7389 Jackson Drive, San Diego, CA 92119 (San Carlos)
Dinner prices: Appetizers, soups and salads, $3 to $7; sandwiches and entrees, $8 to $18
By Frank Sabatini Jr.
For restaurant owners that bare their financial troubles on Food Network’s “Restaurant Impossible,” the experience is both tearfully humiliating and monetarily rewarding. Just ask Stacey Poon-Kinney of The Trails in San Carlos, which ranks as the only San Diego eatery “rescued” by the reality show and its domineering host, Robert Irvine.
“It was like winning the lottery,” Poon-Kinney recalls when her then-ailing restaurant was selected to receive a $10,000 makeover within two frantic days under the microscope of a full television crew. The application process, she says, involved filling out numerous pages of paperwork that included spelling out her scant profits and weighty losses. “We were at the end of our ropes. I had to put it all out there. It was like going on television naked.”
Since the July filming, the segment has aired several times, resulting in an 80 percent spike in sales fueled in part by the addition of dinner service, which Irvine insisted she introduce as part of the S.O.S. strategy. With two young children at home, Poon-Kinney initially balked at the idea, preferring to adhere only to her breakfast-lunch menus. Though as seen on national television, she struck a tense compromise with Irvine to add dinner—on Wednesdays through Saturdays. A majority of those dishes originate from Irvine and Food Network’s test kitchens.
As things like Gouda nachos and spaghetti with salmon meatballs began shaping the evening menu, the crew transformed the two-room interior to better reflect nearby Mission Trails as well as Poon-Kinney’s strong family ties. So, out went a non-cohesive mishmash of homey memorabilia and in came earthy green walls; tree branches rising from newly built plant boxes and slick subway tiles overlooking a remodeled lunch counter along the center wall. In addition, the designer enlarged several photographs of Poon-Kinney’s family members for an artful, poignant finish.
The end result feels both urban and suburban, which, according to Poon-Kinney, has helped attract a fresh patronage of LGBT and 20-something customers. And having the business splashed on reality TV has sparked “some of the busiest days we ever had,” she admits.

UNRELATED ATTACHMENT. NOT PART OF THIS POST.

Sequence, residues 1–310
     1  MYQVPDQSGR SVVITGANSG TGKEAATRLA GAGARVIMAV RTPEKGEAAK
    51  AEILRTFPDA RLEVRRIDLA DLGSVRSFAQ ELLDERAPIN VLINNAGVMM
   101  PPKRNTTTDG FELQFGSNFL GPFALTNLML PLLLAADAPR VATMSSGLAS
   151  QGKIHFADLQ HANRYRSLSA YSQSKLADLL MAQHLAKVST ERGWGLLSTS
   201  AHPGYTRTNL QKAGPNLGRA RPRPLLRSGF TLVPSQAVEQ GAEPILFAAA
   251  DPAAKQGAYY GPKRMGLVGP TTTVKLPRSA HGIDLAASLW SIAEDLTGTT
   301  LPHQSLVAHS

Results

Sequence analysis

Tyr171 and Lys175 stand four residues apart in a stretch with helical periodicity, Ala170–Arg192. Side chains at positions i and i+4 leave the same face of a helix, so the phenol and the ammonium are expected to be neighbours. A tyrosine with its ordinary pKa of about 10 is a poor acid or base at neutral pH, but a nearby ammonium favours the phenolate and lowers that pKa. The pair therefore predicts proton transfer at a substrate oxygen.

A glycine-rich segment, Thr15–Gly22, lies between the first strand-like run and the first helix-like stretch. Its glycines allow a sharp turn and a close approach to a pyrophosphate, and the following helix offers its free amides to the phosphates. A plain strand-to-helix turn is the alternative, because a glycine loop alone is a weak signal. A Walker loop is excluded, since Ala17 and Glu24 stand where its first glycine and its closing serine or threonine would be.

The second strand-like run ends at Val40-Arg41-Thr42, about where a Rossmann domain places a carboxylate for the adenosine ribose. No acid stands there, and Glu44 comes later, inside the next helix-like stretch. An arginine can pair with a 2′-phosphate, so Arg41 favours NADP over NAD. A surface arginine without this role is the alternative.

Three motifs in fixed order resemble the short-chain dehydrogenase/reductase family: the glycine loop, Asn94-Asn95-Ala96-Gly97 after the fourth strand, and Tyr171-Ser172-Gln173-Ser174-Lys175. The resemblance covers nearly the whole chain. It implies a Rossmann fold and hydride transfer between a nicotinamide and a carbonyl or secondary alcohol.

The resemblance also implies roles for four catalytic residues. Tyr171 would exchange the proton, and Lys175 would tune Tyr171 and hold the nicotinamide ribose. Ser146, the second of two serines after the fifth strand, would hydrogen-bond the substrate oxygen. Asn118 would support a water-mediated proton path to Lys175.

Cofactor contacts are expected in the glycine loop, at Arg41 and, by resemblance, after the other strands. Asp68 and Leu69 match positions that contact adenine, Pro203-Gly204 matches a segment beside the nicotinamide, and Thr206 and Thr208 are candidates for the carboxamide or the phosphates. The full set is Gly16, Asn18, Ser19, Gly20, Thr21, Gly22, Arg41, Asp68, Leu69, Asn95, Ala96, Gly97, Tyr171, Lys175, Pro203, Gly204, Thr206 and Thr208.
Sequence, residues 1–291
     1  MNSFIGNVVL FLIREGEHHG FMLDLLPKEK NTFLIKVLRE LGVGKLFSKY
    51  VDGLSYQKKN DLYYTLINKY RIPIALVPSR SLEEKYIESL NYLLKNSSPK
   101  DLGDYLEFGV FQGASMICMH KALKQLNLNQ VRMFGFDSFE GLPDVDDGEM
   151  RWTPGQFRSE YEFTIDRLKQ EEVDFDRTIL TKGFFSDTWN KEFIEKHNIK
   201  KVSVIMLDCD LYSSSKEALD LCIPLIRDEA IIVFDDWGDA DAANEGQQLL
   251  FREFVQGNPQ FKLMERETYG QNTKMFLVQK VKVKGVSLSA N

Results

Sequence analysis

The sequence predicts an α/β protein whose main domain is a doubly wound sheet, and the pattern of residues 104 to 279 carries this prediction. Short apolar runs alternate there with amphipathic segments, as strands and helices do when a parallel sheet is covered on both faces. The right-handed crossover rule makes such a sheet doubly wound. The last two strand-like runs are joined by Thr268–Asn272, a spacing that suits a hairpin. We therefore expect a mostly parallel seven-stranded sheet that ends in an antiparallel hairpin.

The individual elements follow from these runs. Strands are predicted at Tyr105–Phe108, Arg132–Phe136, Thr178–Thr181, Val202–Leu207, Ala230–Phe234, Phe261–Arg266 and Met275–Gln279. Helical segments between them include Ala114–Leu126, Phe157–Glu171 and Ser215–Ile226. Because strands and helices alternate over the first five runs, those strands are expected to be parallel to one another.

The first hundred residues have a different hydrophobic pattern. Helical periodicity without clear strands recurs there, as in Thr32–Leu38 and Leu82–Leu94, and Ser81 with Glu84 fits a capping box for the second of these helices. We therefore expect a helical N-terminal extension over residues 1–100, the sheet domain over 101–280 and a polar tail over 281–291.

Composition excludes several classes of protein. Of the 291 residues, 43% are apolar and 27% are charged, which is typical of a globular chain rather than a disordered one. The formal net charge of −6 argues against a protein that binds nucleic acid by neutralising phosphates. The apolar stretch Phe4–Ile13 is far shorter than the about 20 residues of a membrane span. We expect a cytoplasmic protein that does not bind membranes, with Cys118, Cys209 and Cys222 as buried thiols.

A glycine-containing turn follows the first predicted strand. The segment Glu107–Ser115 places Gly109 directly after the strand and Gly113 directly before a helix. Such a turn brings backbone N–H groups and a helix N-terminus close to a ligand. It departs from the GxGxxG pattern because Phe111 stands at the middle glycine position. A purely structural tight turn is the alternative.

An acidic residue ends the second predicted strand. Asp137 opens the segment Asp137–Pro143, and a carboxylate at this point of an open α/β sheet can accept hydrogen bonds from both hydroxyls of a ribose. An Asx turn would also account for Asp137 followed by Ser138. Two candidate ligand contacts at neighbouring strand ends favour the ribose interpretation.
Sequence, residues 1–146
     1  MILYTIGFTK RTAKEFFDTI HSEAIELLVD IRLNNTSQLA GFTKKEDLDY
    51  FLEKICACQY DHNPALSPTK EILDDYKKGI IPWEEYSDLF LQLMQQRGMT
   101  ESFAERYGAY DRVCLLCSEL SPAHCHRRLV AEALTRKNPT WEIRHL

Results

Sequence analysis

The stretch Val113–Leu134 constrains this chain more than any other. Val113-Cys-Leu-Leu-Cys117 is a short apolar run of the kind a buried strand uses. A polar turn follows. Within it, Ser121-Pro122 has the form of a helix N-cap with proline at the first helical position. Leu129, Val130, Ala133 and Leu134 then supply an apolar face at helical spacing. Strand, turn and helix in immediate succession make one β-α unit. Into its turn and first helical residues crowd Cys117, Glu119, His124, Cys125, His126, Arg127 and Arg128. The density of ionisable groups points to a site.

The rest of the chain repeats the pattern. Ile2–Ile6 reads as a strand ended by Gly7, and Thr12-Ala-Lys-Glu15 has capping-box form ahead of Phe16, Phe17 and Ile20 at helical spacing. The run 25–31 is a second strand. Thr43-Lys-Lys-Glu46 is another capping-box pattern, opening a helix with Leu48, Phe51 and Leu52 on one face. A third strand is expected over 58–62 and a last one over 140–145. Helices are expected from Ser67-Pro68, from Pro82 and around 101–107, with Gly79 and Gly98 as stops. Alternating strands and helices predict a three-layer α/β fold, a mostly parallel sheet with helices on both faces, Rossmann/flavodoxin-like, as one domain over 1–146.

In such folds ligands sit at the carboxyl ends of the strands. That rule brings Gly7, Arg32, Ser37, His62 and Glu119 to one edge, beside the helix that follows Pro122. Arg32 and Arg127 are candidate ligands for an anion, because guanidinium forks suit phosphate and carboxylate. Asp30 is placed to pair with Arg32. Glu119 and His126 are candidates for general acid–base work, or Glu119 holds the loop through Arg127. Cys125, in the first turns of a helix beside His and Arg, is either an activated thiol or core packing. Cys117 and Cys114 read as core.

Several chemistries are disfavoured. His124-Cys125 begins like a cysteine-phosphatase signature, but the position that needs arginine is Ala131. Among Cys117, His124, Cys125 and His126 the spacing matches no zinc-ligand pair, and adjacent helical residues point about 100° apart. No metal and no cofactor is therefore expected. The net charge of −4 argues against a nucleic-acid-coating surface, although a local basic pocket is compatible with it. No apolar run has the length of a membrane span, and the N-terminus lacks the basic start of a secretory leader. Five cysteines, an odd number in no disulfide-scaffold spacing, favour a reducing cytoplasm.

Visiting with a companion equally curious over the resulting dinner menu, we began with the Gouda nachos, opting for an add-on of spiced, seared tofu as a lighter alternative to pulled pork or chicken. While Dutch cheese and tofu seem like quirky components for nachos, the outcome proved somewhat conventional in flavor. Avocado and crumbled queso fresco come into play as well, thus keeping the chips anchored to familiar territory.
Also subtly creative—yet non-alienating—is Food Network’s version of tomato soup, made for The Trails with whispers of ginger and a curry foam topping. Its inclusion on the menu is comprehensive in that it can be paired with a 21st Century grilled cheese, encompassing a trio of curds on brioche. Other sandwiches include a Cobb wrap, a BLT with peppered Boursin and a “tofu-ritto” with black beans and tomato compote.
Items such as Buffalo wings, beef sliders and chicken mac-n-cheese are among the dishes that Poon-Kinney added herself, after the crew did its magic. Her great-grandmother’s recipe for meatloaf was no exception to the makeover; a savory blend of ground beef and sausage was adorned with light onion gravy and mashed potatoes. For the spuds, Irvine got his way in their construction, asserting they should be mashed only with butter, salt and pepper—and no milk. After tasting them, we were sold.
An eight-ounce tuna steak also reflects collaboration between Irvine and Poon-Kinney. The barbecue sauce on top is from the recipe box of Poon-Kinney’s father, who has invested heavily in the restaurant since it opened four years ago. The sauce is buoyantly flavored, non-spicy and works well with the tuna. Surrounding the fish was a moat of black beans, flaunting a perky, lime tang from squiggles of infused crema.
In our taste test between the restaurant’s ultra-silky cheesecake and Food Network’s flourless chocolate torte, we couldn’t name favorites. Both showed off exceptional pastry skills, with neither being too sweet or heavy.
When asked if sometimes crying on camera was worth the experience, Poon-Kinney expresses no regrets. “I knew that Robert would be barky,” she said, “but looking at sales from our initial air-date [of Sept. 21], we have broken records every day and we’ve nearly doubled our staff. My job now is to give people a reason beyond the show to come back.”